Monday, June 4, 2018
I have followed this case only slightly until recently. Briefly: Brock Turner, a Stanford undergraduate, was convicted of digital rape of a woman after a fraternity party; the judge in the case, Judge Persky, gave him a relatively lenient sentence (i.e., little jail time, but a lifetime scartlet letter as a "sex offender") given that he was a first offender, that he was young, and intoxicated (as was the victim). The sentence imposed had actually been recommended by the probation officer who evaluated the case.
Michele Dauber, a law professor at Stanford, whose own child was friends with the victim, took a strong interest in the case, and has since launched a disgraceful jihad against the judge, well beyond Donald Trump's racist insults at a judge in California overseeing the "Trump University" fraud case. Professor Dauber launched a recall petition against a judge whose sentencing decision she disliked, and whose record she then misrepresented. A lengthy story has now appeared about her jihad. One of the most important facts is that Judge Persky is a liberal, who tries to find ways to avoid jail time for criminal offenders. If I believed in gods, I would say, "God bless him."
Academic freedom protects Professor Dauber's right to undermine the rule of law. It does not protect her from the opinion of others members of her profession.
Fortunately, and as I would have expected, the vast majority of the Stanford Law faculty opposes her recall effort. I quote the letter in part, since it makes clear how outrageous Professor Dauber's behavior is:
We the undersigned are part of a broad diversity of law professors from California universities; among our relevant fields of specialization are criminal law, gender and law, and constitutional law. We write in strong opposition to the campaign to recall Judge Aaron Persky of the Santa Clara County Superior Court. We do so because this recall campaign, which just now is beginning the formal process of gathering signatures, threatens the fundamental principles of judicial independence and fairness that we all embed in the education of our students.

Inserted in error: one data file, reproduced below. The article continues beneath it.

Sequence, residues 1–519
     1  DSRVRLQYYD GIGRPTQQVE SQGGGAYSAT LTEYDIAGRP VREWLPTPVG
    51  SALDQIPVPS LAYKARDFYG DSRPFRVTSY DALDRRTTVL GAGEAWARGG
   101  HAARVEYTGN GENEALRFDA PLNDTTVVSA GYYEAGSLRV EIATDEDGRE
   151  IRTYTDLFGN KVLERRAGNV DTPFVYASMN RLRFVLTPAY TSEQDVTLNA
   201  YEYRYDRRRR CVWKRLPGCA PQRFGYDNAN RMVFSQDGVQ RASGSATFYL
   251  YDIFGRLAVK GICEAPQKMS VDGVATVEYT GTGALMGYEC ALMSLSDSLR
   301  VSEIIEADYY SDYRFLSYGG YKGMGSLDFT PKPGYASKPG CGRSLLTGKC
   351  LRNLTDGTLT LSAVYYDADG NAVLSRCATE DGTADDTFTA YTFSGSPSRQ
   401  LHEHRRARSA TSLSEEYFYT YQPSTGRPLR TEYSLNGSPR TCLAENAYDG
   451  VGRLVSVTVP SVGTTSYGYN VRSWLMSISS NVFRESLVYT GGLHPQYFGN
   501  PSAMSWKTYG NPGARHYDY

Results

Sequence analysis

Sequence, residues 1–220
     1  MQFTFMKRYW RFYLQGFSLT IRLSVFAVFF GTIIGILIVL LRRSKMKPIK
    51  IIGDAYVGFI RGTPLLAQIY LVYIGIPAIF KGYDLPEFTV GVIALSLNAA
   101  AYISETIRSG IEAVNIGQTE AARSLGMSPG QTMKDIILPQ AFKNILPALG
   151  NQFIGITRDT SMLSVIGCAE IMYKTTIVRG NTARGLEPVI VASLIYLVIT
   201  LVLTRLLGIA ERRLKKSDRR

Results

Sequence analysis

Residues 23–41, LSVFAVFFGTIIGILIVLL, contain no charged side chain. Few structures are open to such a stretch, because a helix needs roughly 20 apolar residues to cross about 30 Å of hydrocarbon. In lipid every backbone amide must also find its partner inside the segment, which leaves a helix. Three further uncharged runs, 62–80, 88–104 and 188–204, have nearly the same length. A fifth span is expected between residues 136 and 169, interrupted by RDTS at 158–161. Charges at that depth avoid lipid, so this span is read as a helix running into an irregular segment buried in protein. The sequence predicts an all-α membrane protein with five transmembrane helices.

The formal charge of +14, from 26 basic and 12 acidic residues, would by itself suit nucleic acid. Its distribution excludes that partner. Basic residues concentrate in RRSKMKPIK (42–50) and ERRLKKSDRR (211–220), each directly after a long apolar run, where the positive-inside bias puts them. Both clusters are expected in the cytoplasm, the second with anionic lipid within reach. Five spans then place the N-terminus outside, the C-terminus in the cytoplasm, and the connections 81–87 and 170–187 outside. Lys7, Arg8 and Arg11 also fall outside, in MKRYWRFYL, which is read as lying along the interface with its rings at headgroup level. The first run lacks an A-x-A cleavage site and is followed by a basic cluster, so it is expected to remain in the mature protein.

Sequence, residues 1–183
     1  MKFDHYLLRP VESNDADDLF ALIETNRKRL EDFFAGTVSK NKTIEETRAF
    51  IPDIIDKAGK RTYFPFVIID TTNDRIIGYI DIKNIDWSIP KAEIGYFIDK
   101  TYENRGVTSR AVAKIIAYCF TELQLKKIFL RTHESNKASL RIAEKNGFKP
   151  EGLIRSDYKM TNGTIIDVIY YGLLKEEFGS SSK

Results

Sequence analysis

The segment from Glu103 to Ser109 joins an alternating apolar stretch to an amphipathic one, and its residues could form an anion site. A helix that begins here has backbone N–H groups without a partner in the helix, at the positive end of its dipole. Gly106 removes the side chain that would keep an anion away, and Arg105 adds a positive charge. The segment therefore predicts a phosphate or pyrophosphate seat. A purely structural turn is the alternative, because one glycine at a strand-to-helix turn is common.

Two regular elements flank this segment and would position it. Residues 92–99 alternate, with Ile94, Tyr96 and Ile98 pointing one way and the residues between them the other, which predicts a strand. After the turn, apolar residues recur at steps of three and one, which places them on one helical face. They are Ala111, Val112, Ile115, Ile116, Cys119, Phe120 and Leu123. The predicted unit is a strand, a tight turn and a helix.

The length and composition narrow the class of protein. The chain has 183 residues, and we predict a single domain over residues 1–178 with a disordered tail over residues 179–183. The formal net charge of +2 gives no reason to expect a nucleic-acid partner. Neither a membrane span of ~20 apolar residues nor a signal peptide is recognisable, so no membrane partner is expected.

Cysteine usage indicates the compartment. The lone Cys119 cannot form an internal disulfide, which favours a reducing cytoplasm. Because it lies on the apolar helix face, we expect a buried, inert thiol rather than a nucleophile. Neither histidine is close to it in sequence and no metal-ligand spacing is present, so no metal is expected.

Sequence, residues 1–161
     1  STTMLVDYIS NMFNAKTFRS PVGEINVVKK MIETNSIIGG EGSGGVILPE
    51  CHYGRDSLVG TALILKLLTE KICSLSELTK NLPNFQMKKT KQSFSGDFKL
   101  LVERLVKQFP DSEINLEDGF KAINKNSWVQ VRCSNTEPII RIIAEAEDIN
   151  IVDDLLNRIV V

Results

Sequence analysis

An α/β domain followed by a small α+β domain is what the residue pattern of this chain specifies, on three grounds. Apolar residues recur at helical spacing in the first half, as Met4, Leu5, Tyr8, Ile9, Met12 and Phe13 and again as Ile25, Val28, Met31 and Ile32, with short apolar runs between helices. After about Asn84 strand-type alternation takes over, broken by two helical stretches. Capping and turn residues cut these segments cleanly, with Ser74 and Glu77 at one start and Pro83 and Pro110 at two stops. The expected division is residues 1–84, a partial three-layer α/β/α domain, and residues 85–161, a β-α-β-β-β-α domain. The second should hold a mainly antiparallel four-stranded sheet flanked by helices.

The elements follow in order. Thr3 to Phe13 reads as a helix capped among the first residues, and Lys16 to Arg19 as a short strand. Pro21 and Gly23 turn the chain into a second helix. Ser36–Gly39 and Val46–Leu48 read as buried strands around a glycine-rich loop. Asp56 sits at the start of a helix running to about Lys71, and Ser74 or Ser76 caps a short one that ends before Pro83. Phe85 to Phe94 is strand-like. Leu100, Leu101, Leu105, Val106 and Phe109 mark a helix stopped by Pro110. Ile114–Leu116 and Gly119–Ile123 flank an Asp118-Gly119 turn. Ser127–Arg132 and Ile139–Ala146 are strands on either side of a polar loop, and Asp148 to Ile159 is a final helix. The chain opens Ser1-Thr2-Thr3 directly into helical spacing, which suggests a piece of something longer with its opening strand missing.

The mechanism of recall was designed for and must be limited to cases where judges are corrupt or incompetent or exhibit bias that leads to systematic injustice in their courtrooms. None of these criteria applies to Judge Persky. The recall campaign was instigated in response to a sentencing decision in the case of Brock Turner, where the judge followed a probation report recommendation and exercised discretion towards a lenient sentence, in accordance with the California Penal Code. We appreciate that some people (indeed including some of the signers of this letter) might have chosen a different result, but the core values of judicial independence and integrity require the judge to make a decision based on the record (including, in this case, the recommendation of a skilled professional, a probation officer) -- not on public outcry about a controversial case. Judge Persky's decision was controversial, but it was a lawful decision. Other sentencing decisions by Judge Persky that have been challenged by the recall movement have followed the equally common and legitimate practice of accepting a recommendation agreed on by the prosecution and defense.
We believe it is critical to distinguish disagreement with a particular sentence or allegations about a handful of decisions from an attack on a judge’s overall record. Thus, it is vital to recognize the following: the Santa Clara County Bar Association issued a 2016 statement opposing attempts to remove Judge Persky from the bench; this can be found at http://www.sccba.com/blogpost/1133925/249782/SCCBA-Statement-on-Judicial-Independence. The State Commission on Judicial Performance, an independent state agency,conducted a review and concluded that the claims of bias were unfounded. (https://cjp.ca.gov/wp-content/uploads/sites/40/2016/08/Persky_Explanatory_Statement_12-19-16.pdf). We encourage you to read both documents for details of their reasoning.
The last three elected District Attorneys of Santa Clara County, with 27 years of leadership in that office, are against the recall; surely, they would speak up if they found the judge’s record to be improper. Similarly, the defense bar’s outpouring of opposition to the recall underscores Judge Persky’s reputation for being unbiased against those most harshly disadvantaged by our criminal justice system. A broad range of lawyers who have appeared before Judge Persky have publicly attested to the respect they have for him as a fair and impartial jurist.
Judicial independence is a bulwark principle of the rule of law. Judges must be able to render their decisions without political retribution. Professor Dauber, a law professor no less, has put herself on the wrong side of this issue, which is shameful.